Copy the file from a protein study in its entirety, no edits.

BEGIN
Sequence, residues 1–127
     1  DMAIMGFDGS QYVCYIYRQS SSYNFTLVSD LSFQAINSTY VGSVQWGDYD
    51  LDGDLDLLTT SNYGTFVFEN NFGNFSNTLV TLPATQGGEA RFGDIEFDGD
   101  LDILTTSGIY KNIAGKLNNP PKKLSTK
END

Sequence, residues 1–127
     1  DMAIMGFDGS QYVCYIYRQS SSYNFTLVSD LSFQAINSTY VGSVQWGDYD
    51  LDGDLDLLTT SNYGTFVFEN NFGNFSNTLV TLPATQGGEA RFGDIEFDGD
   101  LDILTTSGIY KNIAGKLNNP PKKLSTK